Sunday, February 11, 2007


"One clear reason for military invasion by Turkey would be their old ambition to re-annex Mosul 'Vilayet' (province) to its territory. They are still thinking in terms of the old Ottoman empire."
~ Ata Qaradakhi.

It appears that Turkey was indeed attempting to assassinate the governor of Kerkuk back in July 2003, from a little item on TNA:

The US may have been too harsh in its response to its ally Turkey in the July 2003 "sack crisis" in Sulaimaniyah, northern Iraq, but it had "good reasons," according to the account of a U.S. official published Friday.

The crisis took place when 11 Turkish Special Forces soldiers were arrested by U.S. troops and sacks were put over their heads.

The Turks were released after two days, but their arrest unleashed a torrent of criticism in a country where the military is a revered institution. Gen. Hilmi Ozkok, Turkey's former chief of staff, said the arrests had "led to the biggest crisis of confidence ever between Turkish and U.S. forces."

U.S. Deputy Assistant Secretary of State for European affairs Matt Bryza, in a interview with Sabah daily, stated that the relationship between Turkey and U.S. continues to go on the right path.

When asked about former State Department official Henry Barkey's statement that the Turkish Special Forces troops detained by the U.S. were plotting to kill the governor of Kirkuk, a city whose status is in dispute, he replied, "He's a smart man. Maybe the U.S. was too harsh in its response to its ally Turkey in the sack crisis, but we had good reasons."

When asked why the 11 Turkish soldiers were treated "like al-Qaeda militants," he said, "As I said, he's a smart man. But we had good reasons. Is there any reason to antagonize one of our most important allies in Iraq, as well as in the world, Turkey?"

He also stressed that the U.S administration would continue to block the so-called Armenian genocide resolution, adding that Washington knows it would damage Turkish- U.S relations.

There were two events in 2003 which involved Turkish state efforts at creating instability in Kerkuk with the first in April 2003. Here's a refresher from TIME:

Even as the U.S. works to stabilize a postwar Iraq, Turkey is setting out to create a footprint of its own in the Kurdish areas of the country. In the days after U.S. forces captured Saddam's powerbase in Tikrit, a dozen Turkish Special Forces troops were dispatched south from Turkey. Their target: the northern oil city of Kirkuk, now controlled by the U.S. 173rd Airborne Division's 3rd Brigade. Using the pretext of accompanying humanitarian aid the elite soldiers passed through the northern city of Arbil on Tuesday. They wore civilian clothes, their vehicles lagging behind a legitimate aid convoy. They'd hoped to pass unnoticed. But at a checkpoint on the outskirts of Kirkuk they ran into trouble. "We were waiting for them," says a U.S. paratroop officer.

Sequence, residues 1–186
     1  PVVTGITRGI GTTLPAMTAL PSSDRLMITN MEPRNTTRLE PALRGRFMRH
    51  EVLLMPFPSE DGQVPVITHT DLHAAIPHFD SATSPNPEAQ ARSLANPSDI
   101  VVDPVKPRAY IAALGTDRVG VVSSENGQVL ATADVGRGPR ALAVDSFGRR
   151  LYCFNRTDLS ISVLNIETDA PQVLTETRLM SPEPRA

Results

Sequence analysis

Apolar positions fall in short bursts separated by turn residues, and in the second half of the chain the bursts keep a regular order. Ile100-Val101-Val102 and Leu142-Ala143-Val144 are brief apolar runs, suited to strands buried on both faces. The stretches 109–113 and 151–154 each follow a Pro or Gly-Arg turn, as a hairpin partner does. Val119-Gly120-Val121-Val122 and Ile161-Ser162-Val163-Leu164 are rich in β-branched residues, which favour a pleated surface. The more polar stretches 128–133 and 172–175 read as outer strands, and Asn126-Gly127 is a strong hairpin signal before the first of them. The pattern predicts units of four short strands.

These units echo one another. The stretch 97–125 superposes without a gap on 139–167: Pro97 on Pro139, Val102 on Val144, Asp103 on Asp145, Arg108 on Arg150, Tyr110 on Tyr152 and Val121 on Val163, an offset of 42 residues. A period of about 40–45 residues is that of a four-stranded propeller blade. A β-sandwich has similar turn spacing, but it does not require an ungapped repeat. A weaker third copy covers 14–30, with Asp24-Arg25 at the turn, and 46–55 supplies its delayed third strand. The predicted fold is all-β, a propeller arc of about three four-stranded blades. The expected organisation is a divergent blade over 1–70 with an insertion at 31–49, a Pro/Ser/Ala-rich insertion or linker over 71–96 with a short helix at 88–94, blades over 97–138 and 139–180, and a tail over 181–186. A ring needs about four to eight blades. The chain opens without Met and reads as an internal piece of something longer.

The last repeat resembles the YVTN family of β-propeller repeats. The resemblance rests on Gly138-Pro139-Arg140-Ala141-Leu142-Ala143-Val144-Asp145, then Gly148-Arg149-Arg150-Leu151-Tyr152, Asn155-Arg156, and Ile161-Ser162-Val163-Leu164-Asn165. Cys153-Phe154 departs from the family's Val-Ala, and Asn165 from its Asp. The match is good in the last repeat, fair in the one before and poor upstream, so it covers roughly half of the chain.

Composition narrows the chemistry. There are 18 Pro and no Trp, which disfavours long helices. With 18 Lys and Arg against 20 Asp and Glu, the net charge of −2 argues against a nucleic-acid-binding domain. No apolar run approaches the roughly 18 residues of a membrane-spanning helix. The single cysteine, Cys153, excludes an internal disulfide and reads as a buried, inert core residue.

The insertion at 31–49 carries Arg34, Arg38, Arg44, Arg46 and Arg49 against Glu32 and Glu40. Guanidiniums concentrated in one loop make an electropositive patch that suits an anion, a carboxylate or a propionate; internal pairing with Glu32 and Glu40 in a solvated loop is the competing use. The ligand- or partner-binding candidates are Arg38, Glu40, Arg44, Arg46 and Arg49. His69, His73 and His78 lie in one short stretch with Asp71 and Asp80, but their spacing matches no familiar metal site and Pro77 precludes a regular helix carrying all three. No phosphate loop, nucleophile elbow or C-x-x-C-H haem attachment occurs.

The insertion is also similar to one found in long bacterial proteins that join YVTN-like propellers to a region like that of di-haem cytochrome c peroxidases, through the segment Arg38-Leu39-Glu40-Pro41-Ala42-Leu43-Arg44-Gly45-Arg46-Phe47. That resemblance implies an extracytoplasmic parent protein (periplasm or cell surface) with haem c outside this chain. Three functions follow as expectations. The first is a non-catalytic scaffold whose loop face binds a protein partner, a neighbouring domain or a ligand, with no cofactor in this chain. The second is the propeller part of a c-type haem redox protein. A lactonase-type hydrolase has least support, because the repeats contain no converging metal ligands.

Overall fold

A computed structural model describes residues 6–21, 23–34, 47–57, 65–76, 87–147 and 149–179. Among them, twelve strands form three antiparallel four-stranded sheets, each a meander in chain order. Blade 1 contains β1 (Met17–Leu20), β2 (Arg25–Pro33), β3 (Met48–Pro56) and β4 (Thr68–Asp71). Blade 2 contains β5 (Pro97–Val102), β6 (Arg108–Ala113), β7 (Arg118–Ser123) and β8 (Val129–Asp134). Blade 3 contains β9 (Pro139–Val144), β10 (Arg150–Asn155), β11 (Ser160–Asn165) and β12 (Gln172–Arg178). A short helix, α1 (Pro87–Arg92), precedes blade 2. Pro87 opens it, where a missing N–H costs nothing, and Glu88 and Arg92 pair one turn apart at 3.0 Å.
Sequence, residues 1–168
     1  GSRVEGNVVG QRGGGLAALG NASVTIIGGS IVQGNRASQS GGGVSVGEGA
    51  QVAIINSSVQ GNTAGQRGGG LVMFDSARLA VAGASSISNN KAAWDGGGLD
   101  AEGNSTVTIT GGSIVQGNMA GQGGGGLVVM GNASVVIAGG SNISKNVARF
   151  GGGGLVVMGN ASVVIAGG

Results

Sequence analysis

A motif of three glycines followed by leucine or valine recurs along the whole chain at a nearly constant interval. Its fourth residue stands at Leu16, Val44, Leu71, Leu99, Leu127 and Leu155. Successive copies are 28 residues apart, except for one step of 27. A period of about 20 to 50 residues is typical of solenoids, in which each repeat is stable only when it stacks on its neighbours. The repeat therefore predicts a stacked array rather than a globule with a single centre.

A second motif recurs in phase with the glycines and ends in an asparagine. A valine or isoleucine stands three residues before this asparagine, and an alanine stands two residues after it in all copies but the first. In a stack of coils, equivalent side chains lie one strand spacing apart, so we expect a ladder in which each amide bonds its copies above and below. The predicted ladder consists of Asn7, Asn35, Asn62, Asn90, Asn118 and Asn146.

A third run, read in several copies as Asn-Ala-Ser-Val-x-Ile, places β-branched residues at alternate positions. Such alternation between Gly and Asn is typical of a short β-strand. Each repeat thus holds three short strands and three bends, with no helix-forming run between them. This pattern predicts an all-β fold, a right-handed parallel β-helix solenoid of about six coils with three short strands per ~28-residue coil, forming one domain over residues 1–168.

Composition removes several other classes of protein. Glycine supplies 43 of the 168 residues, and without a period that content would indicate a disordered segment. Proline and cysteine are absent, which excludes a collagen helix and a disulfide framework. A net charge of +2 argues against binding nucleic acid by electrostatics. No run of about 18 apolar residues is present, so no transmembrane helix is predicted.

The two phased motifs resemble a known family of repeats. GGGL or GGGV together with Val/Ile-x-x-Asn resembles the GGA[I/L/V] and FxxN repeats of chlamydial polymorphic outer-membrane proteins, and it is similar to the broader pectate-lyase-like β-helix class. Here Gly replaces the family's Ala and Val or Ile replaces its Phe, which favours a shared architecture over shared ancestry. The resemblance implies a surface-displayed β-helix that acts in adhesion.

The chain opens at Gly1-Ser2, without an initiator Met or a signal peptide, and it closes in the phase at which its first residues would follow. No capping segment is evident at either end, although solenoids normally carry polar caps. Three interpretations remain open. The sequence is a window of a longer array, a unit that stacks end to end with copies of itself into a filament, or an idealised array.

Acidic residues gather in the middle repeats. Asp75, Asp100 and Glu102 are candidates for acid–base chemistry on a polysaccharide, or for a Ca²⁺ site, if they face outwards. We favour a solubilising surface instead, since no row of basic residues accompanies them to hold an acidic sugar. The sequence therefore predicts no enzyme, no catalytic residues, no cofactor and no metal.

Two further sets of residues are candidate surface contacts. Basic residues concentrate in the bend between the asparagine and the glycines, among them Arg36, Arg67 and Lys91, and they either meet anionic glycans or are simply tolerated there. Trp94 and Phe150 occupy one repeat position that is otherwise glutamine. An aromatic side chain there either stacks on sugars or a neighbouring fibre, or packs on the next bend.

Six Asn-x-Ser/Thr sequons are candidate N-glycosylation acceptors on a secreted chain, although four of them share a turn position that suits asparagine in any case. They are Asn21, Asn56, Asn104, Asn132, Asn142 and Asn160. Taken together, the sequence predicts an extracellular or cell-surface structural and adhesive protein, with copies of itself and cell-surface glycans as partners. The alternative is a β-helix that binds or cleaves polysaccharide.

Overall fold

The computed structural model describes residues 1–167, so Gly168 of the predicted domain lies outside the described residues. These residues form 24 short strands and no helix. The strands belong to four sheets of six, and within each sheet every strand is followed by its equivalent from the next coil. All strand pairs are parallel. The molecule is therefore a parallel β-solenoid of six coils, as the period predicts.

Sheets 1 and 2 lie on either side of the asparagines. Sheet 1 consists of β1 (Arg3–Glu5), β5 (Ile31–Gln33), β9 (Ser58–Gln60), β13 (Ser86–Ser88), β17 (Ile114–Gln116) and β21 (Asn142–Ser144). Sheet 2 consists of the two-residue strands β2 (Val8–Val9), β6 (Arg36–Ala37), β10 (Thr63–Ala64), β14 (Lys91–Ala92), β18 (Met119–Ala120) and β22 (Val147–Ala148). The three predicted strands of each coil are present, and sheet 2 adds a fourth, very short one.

The Turkish Special Forces team put up no resistance though a mean arsenal was discovered in their cars, including a variety of AK-47s, M4s, grenades, body armor and night vision goggles. "They did not come here with a pure heart," says U.S. brigade commander Col. Bill Mayville. "Their objective is to create an environment that can be used by Turkey to send a large peacekeeping force into Kirkuk."

The second widely reported incident was in July 2003, from the Christian Science Monitor:

More than a week has passed since the US-led arrest and release of a Turkish special-forces team in northern Iraq. But with no US explanation yet, Ankara's still seething.

[ . . . ]

Washington has so far offered only vague justifications for the July 4 arrests. According to unconfirmed Iraqi Kurdish intelligence claims, the 11 men taken into US custody were part of a plot to assassinate the new Kurdish governor of Kirkuk.

Absolute nonsense, say officials in Ankara. Improbable, says the Kurdish governor himself. While far-fetched, the allegations tie in with one of the more inflammatory aspects of Turkey's foreign policy: its support for pro-Ankara elements among Iraq's Turkish-speaking Turkmen minority.

Turkey long feared war in Iraq could lead to an independent Kurdish state in the north of Iraq, with incalculable effects on its own restive Kurdish minority. For years it supported Baghdad as a guarantee of Iraq's territorial integrity. Faced with growing US determination to end Saddam Hussein's regime, though, it deepened relations with the Iraqi Turkoman Front, who were also raided by the US Friday.

Ankara insists its concern for the Turkmens is no different from its support in the 1980s of Bulgarian Turks oppressed under Communism. Patrick Clawson of The Washington Institute for Near East Policy, doesn't buy it. "What did Turkey do for Turkoman affected by Saddam's Arabization campaigns around Kirkuk and Mosul in the '80s and '90s? Zip. This is purely political."

Absolute nonsense? Really? Yet the State Department's Matt Bryza not only refuses to deny the claim in TNA's article, he stresses that one of those who initially made the claim was "a smart man." Why is the US admitting the Turkish assassination attempt now? It most likely has to do with US support for the Kerkuk referendum coming up in December. Additionally, the US is not going to relinquish control of Kerkuk's oil to Turkey when State Department policy denies Kurdish control over Kurdish oil in "undisputed" Kurdish territory.